IE 11 is not supported. For an optimal experience visit our site on another browser.

New high-rez E-ink Kindle coming in early 2014: Rumor

Today's Kindle Paperwhite, shown here, will be replaced by a new design in spring of 2014.Amazon

Amazon is planning to leapfrog its competitors in the e-reader space with a new version of the Kindle Paperwhite, but not until after the holidays. With a higher resolution E-ink screen and redesigned body, it should put the Kindle out front spec-wise as well as in sales.

The new device, still in prototype form, was shown to tech blog TechCrunch. Despite Amazon's secrecy around its devices, such a leak could actually be beneficial, whetting appetite for the new e-reader and dampening demand for the competition during the holidays.

Its most prominent new feature will be a high-resolution screen: it is reported to have 300 pixels per inch, which at the standard Kindle screen size of 6 inches, implies a resolution somewhere north of HD, likely 1440x1080. That's the same resolution as Kobo's Aura HD, but the Kindle would pack those dots into a smaller area. The resulting PPI would be as high above the Aura HD's (265 PPI) as the Aura HD's is above the existing Kindle Paperwhite (212 PPI).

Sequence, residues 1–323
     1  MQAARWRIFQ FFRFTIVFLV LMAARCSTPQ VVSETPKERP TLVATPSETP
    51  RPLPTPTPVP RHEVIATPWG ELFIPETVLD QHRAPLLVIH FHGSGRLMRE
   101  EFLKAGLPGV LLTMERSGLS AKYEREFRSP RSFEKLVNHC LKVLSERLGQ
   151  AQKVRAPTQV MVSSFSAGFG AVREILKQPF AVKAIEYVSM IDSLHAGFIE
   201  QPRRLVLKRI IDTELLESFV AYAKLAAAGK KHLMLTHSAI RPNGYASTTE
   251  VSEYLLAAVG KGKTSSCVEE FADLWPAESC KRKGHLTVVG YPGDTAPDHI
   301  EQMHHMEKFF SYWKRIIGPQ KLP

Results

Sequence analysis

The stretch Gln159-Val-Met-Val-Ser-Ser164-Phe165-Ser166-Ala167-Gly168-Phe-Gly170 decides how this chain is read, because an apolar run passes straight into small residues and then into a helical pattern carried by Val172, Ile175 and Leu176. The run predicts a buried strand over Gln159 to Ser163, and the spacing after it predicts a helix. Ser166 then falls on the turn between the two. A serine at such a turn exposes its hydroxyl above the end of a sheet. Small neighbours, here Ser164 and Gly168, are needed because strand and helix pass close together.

The body is also getting a redo, with a matte glass front and bezels flush with the screen. New "squeezable" buttons will adorn the sides, and the overall look will more closely resemble the Kindle Fire tablets.

Lastly, an improvement to the typography on the device is planned, which will go a long way towards making the reading experience as pleasant and customizable as it is on the Kobo and Nook e-readers. The new Kindle will ship with a new, bespoke font and better handling of the existing ones.

Unfortunately, the device won't be ready in time for the holidays. Early spring is the likely launch window, it was indicated, so don't be too put out if you just bought a new e-reader. NBC News reached out to Amazon for confirmation of the reports, but a spokesperson only replied that "we don't comment on rumors and speculation."

Devin Coldewey is a contributing writer for NBC News Digital. His personal website is